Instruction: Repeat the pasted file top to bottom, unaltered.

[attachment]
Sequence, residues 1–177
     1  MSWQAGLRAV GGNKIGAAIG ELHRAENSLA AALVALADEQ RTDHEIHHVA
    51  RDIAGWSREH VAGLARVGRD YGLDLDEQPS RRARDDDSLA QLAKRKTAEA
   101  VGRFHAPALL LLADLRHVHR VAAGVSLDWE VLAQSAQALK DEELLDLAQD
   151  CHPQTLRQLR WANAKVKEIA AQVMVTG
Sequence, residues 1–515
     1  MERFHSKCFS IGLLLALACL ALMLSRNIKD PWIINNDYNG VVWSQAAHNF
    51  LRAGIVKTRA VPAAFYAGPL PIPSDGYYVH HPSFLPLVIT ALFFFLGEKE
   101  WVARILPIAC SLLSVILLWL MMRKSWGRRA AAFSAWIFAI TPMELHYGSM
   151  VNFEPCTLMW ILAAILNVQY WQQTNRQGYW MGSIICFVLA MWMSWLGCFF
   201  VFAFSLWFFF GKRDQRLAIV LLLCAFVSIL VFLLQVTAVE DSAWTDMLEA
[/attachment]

Sequence, residues 1–177
     1  MSWQAGLRAV GGNKIGAAIG ELHRAENSLA AALVALADEQ RTDHEIHHVA
    51  RDIAGWSREH VAGLARVGRD YGLDLDEQPS RRARDDDSLA QLAKRKTAEA
   101  VGRFHAPALL LLADLRHVHR VAAGVSLDWE VLAQSAQALK DEELLDLAQD
   151  CHPQTLRQLR WANAKVKEIA AQVMVTG
Sequence, residues 1–515
     1  MERFHSKCFS IGLLLALACL ALMLSRNIKD PWIINNDYNG VVWSQAAHNF
    51  LRAGIVKTRA VPAAFYAGPL PIPSDGYYVH HPSFLPLVIT ALFFFLGEKE
   101  WVARILPIAC SLLSVILLWL MMRKSWGRRA AAFSAWIFAI TPMELHYGSM
   151  VNFEPCTLMW ILAAILNVQY WQQTNRQGYW MGSIICFVLA MWMSWLGCFF
   201  VFAFSLWFFF GKRDQRLAIV LLLCAFVSIL VFLLQVTAVE DSAWTDMLEA